President TrumpDonald TrumpJan. 6 committee chair says panel will issue a 'good number' of additional subpoenas Overnight Defense & National Security — Presented by AM General — Pentagon officials prepare for grilling Biden nominates head of Africa CDC to lead global AIDS response MORE is reportedly considering implementing a plan to block Central American migrants fleeing for the U.S. from claiming asylum when they reach American soil.
The move reported by the Washington Post Thursday night is the latest potential escalation in the president's preoccupation with a caravan of such migrants slowly trekking toward the the southern border.
The report said Trump is looking at using authority like he did when he implemented a travel ban on certain majority Muslim countries to bar Central Americans from entering the country as a matter of national security.
The Post reviewed a draft of the plan, which argues the president has authority under the Immigration and Nationality Act to declare migrants ineligible for asylum if it runs "contrary to national interest."
Senior administration official warned The Post that such a move was one of several under consideration, and nothing final had been deciding.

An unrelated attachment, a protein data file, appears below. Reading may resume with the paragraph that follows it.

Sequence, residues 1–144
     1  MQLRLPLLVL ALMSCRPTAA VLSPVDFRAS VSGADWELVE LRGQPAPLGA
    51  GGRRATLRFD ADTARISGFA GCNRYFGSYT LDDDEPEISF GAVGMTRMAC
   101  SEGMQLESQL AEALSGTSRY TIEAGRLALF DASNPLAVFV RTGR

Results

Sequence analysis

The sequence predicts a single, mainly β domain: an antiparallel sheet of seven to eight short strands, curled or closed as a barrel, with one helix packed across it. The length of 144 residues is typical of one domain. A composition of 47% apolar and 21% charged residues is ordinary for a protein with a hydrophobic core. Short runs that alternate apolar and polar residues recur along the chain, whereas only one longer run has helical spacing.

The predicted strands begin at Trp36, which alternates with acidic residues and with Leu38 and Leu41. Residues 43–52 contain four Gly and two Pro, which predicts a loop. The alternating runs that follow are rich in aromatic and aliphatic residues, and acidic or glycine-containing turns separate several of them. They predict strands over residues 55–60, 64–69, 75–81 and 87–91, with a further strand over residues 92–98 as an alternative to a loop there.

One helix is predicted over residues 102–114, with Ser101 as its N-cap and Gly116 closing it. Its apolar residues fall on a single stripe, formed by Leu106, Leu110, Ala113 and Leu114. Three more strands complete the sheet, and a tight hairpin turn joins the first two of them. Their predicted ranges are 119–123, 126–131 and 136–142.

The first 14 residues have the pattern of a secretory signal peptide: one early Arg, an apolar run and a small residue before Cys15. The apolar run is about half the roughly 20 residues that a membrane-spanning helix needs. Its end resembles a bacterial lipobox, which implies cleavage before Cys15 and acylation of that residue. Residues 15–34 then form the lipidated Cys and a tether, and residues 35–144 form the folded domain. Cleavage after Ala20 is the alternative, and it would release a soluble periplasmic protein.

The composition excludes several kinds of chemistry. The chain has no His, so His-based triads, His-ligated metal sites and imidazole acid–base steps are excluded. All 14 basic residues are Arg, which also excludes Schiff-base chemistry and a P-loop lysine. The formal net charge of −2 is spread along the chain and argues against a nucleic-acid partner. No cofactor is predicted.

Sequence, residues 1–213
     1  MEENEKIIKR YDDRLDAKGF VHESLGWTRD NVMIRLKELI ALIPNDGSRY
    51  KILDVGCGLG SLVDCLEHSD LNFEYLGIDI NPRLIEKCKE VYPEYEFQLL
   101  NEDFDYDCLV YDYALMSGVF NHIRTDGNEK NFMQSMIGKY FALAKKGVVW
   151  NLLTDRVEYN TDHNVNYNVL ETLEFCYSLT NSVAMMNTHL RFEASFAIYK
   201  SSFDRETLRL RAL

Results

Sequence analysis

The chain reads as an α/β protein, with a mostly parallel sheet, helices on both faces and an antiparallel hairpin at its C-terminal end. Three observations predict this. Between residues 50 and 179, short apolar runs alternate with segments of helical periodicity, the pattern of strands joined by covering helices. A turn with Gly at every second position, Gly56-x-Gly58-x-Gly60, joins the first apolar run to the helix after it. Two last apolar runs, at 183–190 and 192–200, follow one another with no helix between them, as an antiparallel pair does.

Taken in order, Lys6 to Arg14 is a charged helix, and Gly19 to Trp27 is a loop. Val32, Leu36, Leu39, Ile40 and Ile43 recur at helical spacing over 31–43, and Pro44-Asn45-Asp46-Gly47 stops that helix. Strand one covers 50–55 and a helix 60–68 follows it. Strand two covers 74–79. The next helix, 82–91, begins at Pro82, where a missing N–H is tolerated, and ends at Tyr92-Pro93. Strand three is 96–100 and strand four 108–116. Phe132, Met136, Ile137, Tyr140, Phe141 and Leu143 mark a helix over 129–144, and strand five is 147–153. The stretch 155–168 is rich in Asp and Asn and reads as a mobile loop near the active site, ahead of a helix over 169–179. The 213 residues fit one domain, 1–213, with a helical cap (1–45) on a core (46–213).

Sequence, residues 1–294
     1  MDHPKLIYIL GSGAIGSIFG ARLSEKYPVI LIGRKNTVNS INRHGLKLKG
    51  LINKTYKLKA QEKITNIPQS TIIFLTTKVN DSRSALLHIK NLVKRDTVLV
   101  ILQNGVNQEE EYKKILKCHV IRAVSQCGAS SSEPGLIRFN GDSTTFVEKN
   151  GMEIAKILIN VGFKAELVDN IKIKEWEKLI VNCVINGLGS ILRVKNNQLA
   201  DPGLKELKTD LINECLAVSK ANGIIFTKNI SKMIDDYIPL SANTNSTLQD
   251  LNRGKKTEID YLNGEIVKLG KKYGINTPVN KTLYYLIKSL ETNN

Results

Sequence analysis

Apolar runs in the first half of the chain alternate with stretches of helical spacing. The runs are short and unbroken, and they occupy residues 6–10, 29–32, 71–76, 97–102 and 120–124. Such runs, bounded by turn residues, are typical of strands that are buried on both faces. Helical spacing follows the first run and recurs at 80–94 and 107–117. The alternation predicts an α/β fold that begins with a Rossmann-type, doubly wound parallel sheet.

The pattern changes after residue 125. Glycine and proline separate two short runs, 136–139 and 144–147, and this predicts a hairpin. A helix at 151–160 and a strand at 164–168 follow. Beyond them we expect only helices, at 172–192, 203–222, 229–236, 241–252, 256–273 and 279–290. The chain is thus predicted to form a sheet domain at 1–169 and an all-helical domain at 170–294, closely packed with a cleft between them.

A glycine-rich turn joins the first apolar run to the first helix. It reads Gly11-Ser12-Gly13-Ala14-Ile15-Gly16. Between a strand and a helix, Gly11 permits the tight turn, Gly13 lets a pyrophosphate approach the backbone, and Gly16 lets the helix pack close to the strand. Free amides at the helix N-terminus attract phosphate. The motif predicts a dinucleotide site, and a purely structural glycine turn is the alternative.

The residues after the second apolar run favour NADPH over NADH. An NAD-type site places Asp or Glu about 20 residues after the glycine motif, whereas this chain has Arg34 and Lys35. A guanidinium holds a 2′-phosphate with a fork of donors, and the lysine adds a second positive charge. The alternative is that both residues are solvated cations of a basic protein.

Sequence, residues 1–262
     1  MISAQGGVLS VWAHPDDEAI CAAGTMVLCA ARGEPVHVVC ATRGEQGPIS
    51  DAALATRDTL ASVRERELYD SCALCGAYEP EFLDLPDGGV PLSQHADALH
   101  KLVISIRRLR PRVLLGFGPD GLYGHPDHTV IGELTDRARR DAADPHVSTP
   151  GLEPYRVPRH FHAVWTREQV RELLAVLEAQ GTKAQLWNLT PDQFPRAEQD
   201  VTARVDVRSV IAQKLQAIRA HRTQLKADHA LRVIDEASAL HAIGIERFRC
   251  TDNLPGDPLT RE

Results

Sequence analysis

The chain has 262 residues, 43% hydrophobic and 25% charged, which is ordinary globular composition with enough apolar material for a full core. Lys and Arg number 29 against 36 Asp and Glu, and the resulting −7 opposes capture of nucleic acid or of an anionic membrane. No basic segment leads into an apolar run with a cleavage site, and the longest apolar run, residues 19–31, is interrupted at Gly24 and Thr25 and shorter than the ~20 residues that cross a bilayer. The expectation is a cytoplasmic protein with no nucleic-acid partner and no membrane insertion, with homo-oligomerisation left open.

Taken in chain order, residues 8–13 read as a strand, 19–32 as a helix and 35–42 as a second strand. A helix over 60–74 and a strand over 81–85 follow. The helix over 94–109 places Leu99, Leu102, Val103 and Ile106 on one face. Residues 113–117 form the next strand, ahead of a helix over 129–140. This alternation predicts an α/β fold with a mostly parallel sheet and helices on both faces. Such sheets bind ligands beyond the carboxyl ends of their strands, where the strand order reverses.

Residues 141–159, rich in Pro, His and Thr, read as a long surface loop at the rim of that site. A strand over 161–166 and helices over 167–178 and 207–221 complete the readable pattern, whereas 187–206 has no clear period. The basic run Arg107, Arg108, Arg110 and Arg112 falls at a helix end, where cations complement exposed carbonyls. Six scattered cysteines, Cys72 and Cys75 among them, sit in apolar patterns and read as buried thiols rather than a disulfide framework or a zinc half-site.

The White House did not immediately respond to a request for comment.
If the administration were to close off the border to Central American migrants, it would likely face immediate legal challenges, just as the travel ban did.
The Supreme Court upheld the travel ban in June, reversing lower court decisions and ruling that Trump had broad powers under immigration law to block entry to the country.
Thousands of individuals from Honduras, El Salvador and Guatemala have formed a so-called caravan to flee violence and poverty in their home countries and seek asylum in the U.S.
The approaching group captured the attention of the president, who has tweeted about it or publicly comment on it frequently in recent days.
Trump has seized on the caravan with less than two weeks left until the midterm elections and has painted it as an imminent threat to national security and vowing to deploy the military if needed to stop it from entering the country.
He has spread the unfounded theory that the group's members were paid to come to the U.S., and claimed that "unknown Middle Easterners" had embedded themselves in the caravan. Trump later acknowledged he did not have proof of the latter claim.